Tuesday, May 30, 2006

Literary Revamp

I rewrote the catalogue description. My editor was pleased. Tell me what you think. Here's the new "Moon" copy:

"When Jory Lalaban, a Filipino postman, finds himself the target of a racially motivated shooting he is forced to confront long buried memories of his life in the Philippines - how he came to abandon the priesthood to become a worshipper of the Moon; his youth in an orphanage after World War II; the devastating 'curse' that forced him and his new bride, Belen, to flee the Philippines for the United States.

The shooting makes international headlines disturbing the quiet life of the Lalabans, a family forced to face its darkest fears. The reader is introduced to a cast of memorable characters like Emerson Lalaban, the son who talks to his dead brother on the phone, but fails to properly communicate his feelings to the man he loves; Michael, Emerson's Taiwanese boyfriend, who vows to never fall in love with an American again; the wife Belen Lalaban, a woman who hears the quirky voice of the Virgin Mary; and William, the racist gunman who demands to be heard. Inspired by an actual event, this funny, rich novel unflinchingly tackles the most explosive topics facing America today: race, religion, and sexuality."


Paul said...

Very nice!

Anonymous said...

Hi Noel,

This is probably the hardest part of your task – writing the blurb. I think over all you did admirably.

I do have some comments. Having just read The Disinherited by Han Ong the gay Filipino sensitivity in literature is still with me. Unfortunately, I think the blurb for Moon sounds kind of all over the place and as a reader I’m usually suspect of blurbs that begin with the word “When” or lines like “Inspired by an actual event” and especially “The reader is introduced to a cast of memorable characters like…” I think for me those phrases get either overused or presumptuous. I worry that there may be too many names mentioned for the potential reader to get an idea of whose story this is. It sounds like it takes place in flashback as well as real time. It doesn’t sound gay enough to perk my appetite and there’s no mention as to the literary cohesion employed to pull off such a multi-faceted story – in other words, no mention of the literary quality of the writing, which is what usually attracts me to buy a book. I don’t envy you this task of blurbing something you put your heart and soul into. My own time is coming soon (I hope) and I haven’t the foggiest notion of what I’ll do.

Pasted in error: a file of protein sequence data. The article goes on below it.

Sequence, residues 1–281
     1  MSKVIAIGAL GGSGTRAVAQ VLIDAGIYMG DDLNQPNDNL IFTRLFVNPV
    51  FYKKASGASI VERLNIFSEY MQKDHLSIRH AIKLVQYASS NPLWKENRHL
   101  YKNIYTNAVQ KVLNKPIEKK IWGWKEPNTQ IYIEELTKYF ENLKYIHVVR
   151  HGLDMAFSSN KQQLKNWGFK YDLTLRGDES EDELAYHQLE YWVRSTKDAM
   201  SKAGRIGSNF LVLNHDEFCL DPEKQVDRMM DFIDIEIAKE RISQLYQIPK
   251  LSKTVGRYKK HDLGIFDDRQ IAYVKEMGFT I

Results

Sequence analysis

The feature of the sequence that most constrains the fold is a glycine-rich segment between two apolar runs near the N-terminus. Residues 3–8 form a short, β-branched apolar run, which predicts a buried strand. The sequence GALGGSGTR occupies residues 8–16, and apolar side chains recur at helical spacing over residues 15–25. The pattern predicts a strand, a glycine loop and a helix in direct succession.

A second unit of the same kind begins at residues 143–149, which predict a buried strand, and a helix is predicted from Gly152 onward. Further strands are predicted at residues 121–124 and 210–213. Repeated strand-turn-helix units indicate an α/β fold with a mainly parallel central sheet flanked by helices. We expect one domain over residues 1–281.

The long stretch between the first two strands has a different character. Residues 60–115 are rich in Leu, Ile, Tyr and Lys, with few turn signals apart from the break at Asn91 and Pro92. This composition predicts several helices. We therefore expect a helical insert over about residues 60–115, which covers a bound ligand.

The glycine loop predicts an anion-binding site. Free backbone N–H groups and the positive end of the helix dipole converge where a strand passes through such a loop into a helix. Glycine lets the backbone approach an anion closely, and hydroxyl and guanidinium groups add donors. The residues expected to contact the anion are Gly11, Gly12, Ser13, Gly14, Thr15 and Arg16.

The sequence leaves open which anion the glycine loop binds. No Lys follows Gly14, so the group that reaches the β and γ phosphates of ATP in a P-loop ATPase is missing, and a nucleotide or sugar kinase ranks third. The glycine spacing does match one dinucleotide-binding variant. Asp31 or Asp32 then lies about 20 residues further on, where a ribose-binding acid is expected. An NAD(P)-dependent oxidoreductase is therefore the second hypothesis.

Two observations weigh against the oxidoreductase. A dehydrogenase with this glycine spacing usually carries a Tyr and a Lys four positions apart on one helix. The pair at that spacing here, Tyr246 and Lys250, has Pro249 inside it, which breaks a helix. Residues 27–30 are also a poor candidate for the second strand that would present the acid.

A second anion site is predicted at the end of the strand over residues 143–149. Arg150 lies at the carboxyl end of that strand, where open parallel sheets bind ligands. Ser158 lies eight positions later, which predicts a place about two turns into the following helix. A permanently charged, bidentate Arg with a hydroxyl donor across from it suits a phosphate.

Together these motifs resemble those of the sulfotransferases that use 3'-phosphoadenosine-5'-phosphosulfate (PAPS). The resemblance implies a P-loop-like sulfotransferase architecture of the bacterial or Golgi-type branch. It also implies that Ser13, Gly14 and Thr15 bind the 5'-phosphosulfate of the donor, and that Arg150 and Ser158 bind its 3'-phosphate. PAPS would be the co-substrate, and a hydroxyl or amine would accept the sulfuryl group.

I heard you speak once on a panel at UCLA and look forward to reading the Montgomery Clift novel very soon. Best of luck. - Ron

Sundry said...

Sounds really interesting! Can't wait to read it!

I agree with Ron about the phrases he quoted being, perhaps, unneccessary. I was interested in the cast of characters, though. Some of them piqued my interest even more. I'd suggest taking a run at that paragraph without using the names of the characters. Your short descriptions of them are interesting enough to draw me in, but their names make me feel I have a lot to remember. Perhaps even find a way to give each his/her own sentence or sentence fragment. Maybe something to the effect of "Meet the people in Jory's life: "

It's really exciting to follow along your progress toward publication. And brave of you to ask for feedback online!

Cheryl said...

You did it! You found a picture of an even gayer moon.

thelastnoel said...

Whoa, thanks for the comments and suggestions.